New trademark approval policy

Justin M. Forbes jmforbes at
Tue Aug 2 03:07:38 UTC 2011

On Mon, Aug 01, 2011 at 03:31:45PM -0700, Jesse Keating wrote:
> On Aug 1, 2011, at 3:18 PM, David Nalley wrote:
> > 
> > My perception is that we want such a rigid process because we don't
> > want anything bad/failure to be associated with the finished product
> > that bears our name. Certainly a laudable goal. However, when we
> > require the same onerous process we use to insure that our primary
> > version(s) work and apply that process to 'niche' products like the
> > F15 Design Suite (with 939 downloads as of this writing), or the F15
> > XFCE Spin (with 2720 downloads as of this writing)[0] it seems like we
> > are doing something wrong. At the other end of the spectrum we have
> > virtually no oversight of virtual images for providers like Linode,
> > Godaddy, Amazon, RackSpace, and scores of other VPS/Cloud/Managed
> > Service providers who are permitted to use the Fedora name and
> > trademarks, offer Fedora virtual machines, and I'd be willing to bet
> > that they have more Fedora 15 deployments each than we have downloads
> > of the Design Suite. Instances where our brand is important and the
> > basis of the choice of operating system, where people will likely
> > never know whether the image was generated by RelEng or by $fooadmin
> > at $provider.
> Honestly I think that the hangup is in how these virt images get created.  It's one thing to take a copy of our isos and host it on your own server.  The files don't get changed, they can still be checksummed against our gpg signed sums, and you can still run the integrity test inside.  Same with hosting a mirror of our package tree.  Each RPM remains intact and the gpg signature can still be verified.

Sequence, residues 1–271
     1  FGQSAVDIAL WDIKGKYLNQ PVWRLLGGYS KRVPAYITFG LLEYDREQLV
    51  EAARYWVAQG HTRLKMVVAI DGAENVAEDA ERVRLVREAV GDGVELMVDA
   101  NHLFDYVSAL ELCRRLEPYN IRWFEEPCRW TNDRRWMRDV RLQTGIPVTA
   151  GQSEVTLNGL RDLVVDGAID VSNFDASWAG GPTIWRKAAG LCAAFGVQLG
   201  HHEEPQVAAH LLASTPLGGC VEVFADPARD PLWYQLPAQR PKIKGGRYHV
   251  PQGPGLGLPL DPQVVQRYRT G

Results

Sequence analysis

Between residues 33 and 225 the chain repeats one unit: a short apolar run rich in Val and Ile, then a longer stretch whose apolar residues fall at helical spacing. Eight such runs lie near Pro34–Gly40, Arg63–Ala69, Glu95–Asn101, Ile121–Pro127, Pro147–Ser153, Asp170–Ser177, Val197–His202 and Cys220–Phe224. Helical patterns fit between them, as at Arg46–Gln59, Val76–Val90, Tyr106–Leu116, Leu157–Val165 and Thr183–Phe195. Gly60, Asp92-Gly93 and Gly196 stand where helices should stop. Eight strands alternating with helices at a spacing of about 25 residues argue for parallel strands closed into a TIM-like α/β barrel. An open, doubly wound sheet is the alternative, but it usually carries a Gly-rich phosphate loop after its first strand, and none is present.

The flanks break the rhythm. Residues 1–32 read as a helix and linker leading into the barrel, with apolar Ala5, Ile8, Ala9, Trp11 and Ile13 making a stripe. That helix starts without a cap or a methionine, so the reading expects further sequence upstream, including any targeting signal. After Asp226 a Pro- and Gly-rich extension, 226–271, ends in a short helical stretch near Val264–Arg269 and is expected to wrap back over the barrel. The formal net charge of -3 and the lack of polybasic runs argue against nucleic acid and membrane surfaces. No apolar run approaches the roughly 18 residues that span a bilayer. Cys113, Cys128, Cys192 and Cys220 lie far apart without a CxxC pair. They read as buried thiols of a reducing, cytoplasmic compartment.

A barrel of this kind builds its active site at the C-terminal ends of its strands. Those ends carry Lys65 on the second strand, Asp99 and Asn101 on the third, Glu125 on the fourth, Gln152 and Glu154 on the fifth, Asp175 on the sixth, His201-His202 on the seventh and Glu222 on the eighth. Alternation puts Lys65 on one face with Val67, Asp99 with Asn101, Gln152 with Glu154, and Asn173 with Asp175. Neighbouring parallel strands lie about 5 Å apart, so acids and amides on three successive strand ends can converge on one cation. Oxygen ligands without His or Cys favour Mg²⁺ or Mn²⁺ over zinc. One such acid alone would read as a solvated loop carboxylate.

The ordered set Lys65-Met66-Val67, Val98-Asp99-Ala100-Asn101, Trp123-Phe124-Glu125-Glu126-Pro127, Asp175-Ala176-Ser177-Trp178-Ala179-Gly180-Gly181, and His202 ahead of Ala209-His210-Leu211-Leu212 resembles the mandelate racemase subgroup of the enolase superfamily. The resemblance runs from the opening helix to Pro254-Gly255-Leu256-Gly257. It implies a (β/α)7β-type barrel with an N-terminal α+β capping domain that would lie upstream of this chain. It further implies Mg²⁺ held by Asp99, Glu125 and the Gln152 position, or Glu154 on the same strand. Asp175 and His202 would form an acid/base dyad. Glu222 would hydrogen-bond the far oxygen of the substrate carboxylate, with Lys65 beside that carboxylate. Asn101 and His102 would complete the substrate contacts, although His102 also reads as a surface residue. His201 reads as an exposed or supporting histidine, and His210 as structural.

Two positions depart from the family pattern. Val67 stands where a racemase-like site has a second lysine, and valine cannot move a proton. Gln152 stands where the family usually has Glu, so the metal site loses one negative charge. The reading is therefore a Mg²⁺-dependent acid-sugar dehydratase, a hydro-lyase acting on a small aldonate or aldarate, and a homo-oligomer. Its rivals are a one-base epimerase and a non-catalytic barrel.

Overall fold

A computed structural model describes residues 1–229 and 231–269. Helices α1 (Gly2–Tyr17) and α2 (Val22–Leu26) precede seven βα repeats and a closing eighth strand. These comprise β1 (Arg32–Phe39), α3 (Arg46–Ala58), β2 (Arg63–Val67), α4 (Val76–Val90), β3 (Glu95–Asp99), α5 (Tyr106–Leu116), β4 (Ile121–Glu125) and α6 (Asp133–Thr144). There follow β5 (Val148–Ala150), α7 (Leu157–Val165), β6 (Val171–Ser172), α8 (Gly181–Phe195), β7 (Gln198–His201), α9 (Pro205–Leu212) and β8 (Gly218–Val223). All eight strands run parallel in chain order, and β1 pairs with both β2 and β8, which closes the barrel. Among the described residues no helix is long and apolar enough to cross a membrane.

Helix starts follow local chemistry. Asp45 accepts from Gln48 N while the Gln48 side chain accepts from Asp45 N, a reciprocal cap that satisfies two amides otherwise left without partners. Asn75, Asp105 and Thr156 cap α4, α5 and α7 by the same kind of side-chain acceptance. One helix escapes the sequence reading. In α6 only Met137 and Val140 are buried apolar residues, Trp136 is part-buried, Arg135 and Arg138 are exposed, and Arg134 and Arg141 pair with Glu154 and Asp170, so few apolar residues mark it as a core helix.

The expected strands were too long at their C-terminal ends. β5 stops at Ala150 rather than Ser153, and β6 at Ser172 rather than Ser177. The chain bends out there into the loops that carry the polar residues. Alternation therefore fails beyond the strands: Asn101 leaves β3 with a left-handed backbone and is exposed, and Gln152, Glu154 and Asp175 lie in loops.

> However for EC2 and the like one has to break apart the iso and shuffle bits around, and hopefully do it the right way so that the end result works.  (forgive me I'm oversimplifying greatly here)  Because the process is different, and because the end results can't easily be verified by the end user (correct me if I'm wrong) it's not so easy to pass it off as something that should be as "free" to do as hosting a copy of our install media or hosting a copy of our packages.

Even with EC2, the files come from the rpms, they do not get changed.  You
can rpm verify every single package installed, and the contents are 100%
fedora.  What does get changed is a couple of config files (fstab,
grub.conf, and rc.local to allow for logins).  Package contents are 100%
Fedora, and the update process is a yum update off of the same mirrors that
ISO installs use.  A default user is created, the fstab is modified to
mount the extra S3 scratch disk that amazon provides, and a small bit of
scripting is added to make images download a fresh ssh key on boot to
ensure that users can log into their host, and no one else can.


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